Ever been curious about the literary scene down under? For the next week, you can grab seven Australian literary journals/collections as part of a pay-what-you-want eBook bundle courtesy of Tomely. The journals include Voiceworks, Kill Your Darlings, The Review of Australian Fiction, The Lifted Brow, Tincture, Sincere Forms of Flattery, and Willow Pattern. All of the journals will work on Kindles, iPads, Nooks, PCs, etc…
The Table 4 Writers Foundation, which was established in the honor of Elaine Kaufman, will award $2,000 grants for never-before-published works of fiction and non-fiction. The deadline for submissions is October 15. (h/t Bill Morris, who has written about the foundation and grant program before.)
With the help of Our Final Hour author Martin Rees, Cambridge will soon open a Centre for the Study of Existential Risk. The Centre will investigate the threats posed by “artificial intelligence, climate change, nuclear war and rogue biotechnology.” To my ears, this sounds an awful lot like Oxford’s Future of Humanity Institute, which was memorably depicted in John Jeremiah Sullivan’s “Violence of the Lambs.”
Self-published novelist Kemble Scott debuts at no. 5 on the San Francisco Chronicle’s bestseller list with The Sower, following a limited hard-cover release to Bay Area independent booksellers by Numina Press, who acquired the book after Scott’s initial e-book upload to scribd.com in May. According to Publisher’s Weekly, “The Sower has had one of the most unorthodox publishing trajectories in these changing publishing times.”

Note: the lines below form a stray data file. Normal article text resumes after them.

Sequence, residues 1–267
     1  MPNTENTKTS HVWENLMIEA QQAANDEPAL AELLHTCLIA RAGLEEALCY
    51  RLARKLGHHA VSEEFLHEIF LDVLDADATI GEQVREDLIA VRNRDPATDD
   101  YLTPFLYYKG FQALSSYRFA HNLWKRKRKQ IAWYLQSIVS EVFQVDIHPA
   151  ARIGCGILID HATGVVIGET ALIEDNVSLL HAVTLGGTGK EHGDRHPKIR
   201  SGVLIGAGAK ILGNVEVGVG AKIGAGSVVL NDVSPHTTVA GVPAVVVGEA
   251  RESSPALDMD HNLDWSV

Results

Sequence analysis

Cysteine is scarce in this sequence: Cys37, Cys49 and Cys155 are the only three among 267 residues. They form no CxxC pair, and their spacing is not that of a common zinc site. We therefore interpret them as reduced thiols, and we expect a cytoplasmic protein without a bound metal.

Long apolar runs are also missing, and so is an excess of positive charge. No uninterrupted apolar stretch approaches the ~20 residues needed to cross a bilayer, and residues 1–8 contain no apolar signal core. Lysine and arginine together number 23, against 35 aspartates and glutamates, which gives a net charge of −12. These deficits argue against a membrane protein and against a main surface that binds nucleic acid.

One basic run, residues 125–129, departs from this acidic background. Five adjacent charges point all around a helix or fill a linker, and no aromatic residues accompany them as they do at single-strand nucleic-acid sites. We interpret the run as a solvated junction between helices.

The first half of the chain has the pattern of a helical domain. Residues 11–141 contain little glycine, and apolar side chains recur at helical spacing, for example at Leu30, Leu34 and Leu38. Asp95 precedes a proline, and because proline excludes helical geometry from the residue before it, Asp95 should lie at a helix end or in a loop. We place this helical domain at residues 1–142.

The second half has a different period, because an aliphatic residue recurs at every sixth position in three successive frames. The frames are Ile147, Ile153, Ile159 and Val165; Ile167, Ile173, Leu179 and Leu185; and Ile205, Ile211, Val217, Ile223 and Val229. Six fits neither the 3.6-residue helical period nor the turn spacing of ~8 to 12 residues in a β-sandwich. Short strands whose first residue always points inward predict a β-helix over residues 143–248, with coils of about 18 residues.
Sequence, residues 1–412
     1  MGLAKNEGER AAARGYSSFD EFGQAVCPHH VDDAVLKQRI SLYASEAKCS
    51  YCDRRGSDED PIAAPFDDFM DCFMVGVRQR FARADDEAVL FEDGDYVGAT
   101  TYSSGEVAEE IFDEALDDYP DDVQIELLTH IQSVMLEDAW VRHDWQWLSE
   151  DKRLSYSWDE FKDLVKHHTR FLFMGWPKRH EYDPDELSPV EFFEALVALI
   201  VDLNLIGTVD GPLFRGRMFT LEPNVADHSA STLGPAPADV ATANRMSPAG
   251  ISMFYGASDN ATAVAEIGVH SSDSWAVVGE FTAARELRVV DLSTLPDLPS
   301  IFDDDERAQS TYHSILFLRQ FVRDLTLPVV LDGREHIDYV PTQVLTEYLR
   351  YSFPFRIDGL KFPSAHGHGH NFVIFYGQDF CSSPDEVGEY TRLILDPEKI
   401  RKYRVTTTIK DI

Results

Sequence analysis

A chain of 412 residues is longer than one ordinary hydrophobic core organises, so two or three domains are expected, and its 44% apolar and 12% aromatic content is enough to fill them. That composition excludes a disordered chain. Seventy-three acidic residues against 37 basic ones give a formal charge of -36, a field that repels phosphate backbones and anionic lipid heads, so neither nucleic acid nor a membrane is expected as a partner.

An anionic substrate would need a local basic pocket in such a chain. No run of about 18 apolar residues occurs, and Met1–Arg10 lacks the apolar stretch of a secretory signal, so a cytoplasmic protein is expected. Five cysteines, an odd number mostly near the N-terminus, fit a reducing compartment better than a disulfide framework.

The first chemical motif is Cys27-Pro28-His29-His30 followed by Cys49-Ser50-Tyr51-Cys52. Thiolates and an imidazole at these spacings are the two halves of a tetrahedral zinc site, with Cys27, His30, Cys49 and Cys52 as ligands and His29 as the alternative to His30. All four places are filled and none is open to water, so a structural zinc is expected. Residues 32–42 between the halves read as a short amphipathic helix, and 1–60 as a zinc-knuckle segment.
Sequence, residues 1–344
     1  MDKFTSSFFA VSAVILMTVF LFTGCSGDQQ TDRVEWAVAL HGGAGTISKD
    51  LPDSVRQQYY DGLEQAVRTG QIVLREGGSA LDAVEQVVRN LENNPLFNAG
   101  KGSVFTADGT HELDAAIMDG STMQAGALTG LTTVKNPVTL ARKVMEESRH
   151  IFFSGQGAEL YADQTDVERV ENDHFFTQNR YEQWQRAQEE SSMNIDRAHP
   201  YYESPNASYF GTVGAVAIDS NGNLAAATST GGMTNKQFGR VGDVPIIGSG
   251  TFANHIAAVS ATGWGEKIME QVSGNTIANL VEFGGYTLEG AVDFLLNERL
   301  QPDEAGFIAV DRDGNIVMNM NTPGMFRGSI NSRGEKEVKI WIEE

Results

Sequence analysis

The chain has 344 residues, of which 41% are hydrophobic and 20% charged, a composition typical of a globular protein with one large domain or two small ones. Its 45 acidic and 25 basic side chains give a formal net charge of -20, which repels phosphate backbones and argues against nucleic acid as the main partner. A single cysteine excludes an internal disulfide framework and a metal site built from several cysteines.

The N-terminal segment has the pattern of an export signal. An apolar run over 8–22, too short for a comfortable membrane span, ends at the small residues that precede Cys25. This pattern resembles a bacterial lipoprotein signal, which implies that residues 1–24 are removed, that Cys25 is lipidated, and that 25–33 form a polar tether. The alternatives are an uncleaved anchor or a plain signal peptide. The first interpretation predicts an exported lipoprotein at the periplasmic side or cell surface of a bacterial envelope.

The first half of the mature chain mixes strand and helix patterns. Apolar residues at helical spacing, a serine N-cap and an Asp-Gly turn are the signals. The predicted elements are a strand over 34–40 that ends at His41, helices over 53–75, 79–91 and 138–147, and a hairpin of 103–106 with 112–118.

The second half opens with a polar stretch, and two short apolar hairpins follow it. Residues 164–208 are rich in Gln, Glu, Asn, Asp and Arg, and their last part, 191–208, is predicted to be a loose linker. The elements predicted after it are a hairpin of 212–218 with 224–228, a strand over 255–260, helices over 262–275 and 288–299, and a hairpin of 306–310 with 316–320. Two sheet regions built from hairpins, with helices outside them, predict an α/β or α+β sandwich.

Ninth Letter recently launched “Only Silence Will Never Betray You,” a mini-anthology of contemporary Bulgarian writers. Editor-at-Large Philip Graham introduces the five writers: Ivayla Alexandrova, Bistra Andreeva, Nikolai Grozni, Georgi Gospodinov, and Marin Bodakov. From our archives: our 2013 interview with Grozni.
In addition to the Jewish refugees who emigrated to North America in the years leading up to World War II, there was also a sizable contingent who fled East. In particular, an estimated 30,000 refugees journeyed to Shanghai between the years of 1933 to 1941. With them, the refugees brought all sorts of valuables, heirlooms, and artifacts. One family brought over 2,000 books. Now, over 70 years later, one Shanghai family is asking for help locating the owner of that library. Part One; Part Two. (h/t Bint Battuta)